The impact has been felt far beyond the campus quadrangles and classrooms. Scott Stewart, chairman of the College Republican National Committee says that campus conservatives were instrumental to the success of the Republican Party in the last midterm elections. "Students provide the enthusiasm, the excitement and the work that needs to be done for free in political campaigns," he says, "knocking on doors, talking to voters, passing out literature, pounding in lawn signs."
As a matter of fact, influenced by the liberal climate of the 60's, I campaigned for McGovern. Since he lost, I guess that's OK.

Colapinto cites one professor who says that the so-called conservatives' charge
that the university is infected by political correctness and that professors seek to indoctrinate students with a liberal agenda has had an effect in the classroom. "As the conservatives have become more prominent, other students are more prone to believe that they are being indoctrinated....So the openness of a number of students to new ideas and new ways of looking at things has actually moved in a disturbing direction. Students are much more willing to write off something as 'liberal talk' -- oh, I don't need to think about that, that's just ideology -- as opposed to thinking, in a complex way, about all of the different ideas and evaluating them."
A social psychology professor concurs.
Recently she taught a class in which she talked about the theory that news coverage of warfare in Iraq could lead to a rise in homicides in the United States. "I could see the students rolling their eyes," she says. "I could just hear them thinking, 'Oh, there she goes again!'"
Colapinto complains that much of what most any campus conservatives you meet say is "something that someone told them to say." That's probably how many of us adopted our 60's ideology. In fact, it seems to me that if someone parrots one's own ideas, one thinks he's intelligent, whereas if he disagrees with me, he's not open to new ideas.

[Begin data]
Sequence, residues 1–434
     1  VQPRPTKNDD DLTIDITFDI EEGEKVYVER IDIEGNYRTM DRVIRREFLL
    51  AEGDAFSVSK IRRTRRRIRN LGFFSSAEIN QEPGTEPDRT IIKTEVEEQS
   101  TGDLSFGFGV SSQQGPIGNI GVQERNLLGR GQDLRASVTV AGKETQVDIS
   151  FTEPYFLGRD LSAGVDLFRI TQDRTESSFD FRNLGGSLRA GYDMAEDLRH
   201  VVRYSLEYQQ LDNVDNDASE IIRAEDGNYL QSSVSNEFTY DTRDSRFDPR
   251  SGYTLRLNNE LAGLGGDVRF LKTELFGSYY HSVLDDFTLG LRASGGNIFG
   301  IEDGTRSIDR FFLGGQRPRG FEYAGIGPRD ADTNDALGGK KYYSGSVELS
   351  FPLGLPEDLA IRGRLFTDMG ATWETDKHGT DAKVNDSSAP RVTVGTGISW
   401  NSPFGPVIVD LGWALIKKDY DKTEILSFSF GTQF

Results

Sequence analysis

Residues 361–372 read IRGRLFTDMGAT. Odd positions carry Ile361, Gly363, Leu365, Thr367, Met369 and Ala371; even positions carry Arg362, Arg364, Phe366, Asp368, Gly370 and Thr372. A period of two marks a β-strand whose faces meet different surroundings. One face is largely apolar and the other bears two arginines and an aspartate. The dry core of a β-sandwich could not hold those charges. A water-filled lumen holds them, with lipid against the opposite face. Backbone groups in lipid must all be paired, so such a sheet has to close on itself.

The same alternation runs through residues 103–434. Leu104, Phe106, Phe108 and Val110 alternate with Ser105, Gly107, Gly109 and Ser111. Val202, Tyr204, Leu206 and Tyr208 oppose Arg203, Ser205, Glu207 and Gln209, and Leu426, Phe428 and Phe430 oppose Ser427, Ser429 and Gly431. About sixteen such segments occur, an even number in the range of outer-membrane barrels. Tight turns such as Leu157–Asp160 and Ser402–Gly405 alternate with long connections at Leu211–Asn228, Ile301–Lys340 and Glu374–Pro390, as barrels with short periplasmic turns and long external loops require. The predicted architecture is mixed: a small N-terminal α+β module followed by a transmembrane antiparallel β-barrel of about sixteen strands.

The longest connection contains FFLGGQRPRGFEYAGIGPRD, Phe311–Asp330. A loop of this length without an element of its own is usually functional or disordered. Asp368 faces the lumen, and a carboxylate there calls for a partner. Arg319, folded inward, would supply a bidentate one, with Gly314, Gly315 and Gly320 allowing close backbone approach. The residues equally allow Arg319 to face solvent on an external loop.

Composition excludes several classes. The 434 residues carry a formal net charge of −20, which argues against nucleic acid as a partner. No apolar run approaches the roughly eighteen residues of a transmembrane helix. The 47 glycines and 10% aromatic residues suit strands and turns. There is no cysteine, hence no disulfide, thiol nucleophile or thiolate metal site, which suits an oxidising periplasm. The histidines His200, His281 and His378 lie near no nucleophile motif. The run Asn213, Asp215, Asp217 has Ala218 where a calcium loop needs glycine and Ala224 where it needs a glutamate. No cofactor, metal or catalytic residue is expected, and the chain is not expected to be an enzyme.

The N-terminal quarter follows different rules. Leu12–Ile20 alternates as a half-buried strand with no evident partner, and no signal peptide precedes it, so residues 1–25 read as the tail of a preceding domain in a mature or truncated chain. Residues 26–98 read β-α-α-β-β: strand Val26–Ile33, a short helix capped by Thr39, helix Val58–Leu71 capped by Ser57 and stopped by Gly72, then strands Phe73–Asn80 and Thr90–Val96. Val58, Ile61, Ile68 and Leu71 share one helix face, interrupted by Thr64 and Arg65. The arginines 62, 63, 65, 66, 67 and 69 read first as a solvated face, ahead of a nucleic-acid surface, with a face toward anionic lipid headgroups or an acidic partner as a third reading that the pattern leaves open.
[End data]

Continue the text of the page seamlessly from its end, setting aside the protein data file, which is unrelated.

The funny thing is, although on our campus I don't find a stifling atmosphere of political correctness, when professors were conducting "teach-ins" about the war, they couldn't find anyone to speak in favor of Iraqi liberation.

Finally, Colapinto cites another prof, who says,
"A lot of faculty members talk about the lack of commitment that most students have to anything....It seems that they're about getting a credential and being able to get a good job. That's why you hear faculty say about the conservatives club: 'At least they believe in something. At least they've got convictions.'"
Not unlike the pursuit of knowledge (see below).
In Axis of medieval: The aspiration for knowledge has been turned into a medieval prejudice, Frank Furedi writes that
The new technocratic jargon associated with the ascendancy of "key skills" and "competencies" is now used to justify course outlines. Subject-related benchmarking statements and departmental mission statements promise to provide students with the skills that will make them highly employable.

Unfortunately it is not possible to win the argument against philistinism by competing in the relevance stakes. Such an approach fails to challenge the vocational orientation of current policy on higher education. And by accepting the premise that the worth of a course is affirmed through its relevance, the battle for a more academic focus for higher education will be lost.
British Education ministers have sought
to associate the idea of education for its own sake with some elitist medieval institution. In reality no institution has ever pursued activities for their own sake, in the medieval past or today. The aim of this caricature is to deprecate the idea that the pursuit of knowledge and truth has some intrinsic value in and of itself.

Somehow the aspiration for knowledge has been turned into a medieval prejudice.

Taylorist higher education focused on skills and relevance may sound pragmatic and down to earth. In reality its value to society is open to question. It offers formulaic, off-the-shelf, easily quantifiable bits of knowledge whose contribution to a modern flexible society remains unproven.

Prosperity, creativity and enterprise depend on an environment of creative thought in which people have an opportunity to develop their ideas in relation to a variety of subjects and problems.

So what should be the purpose of a forward-looking 21st century university? We need universities to provide expert teaching and cutting edge research and to provide an environment for the unrestrained pursuit of knowledge. Not the kind of knowledge that flatters authorities. Not knowledge that is deemed to be a stimulant to economic growth but knowledge driven by a complex mix of passions that cannot be given a technocratic label.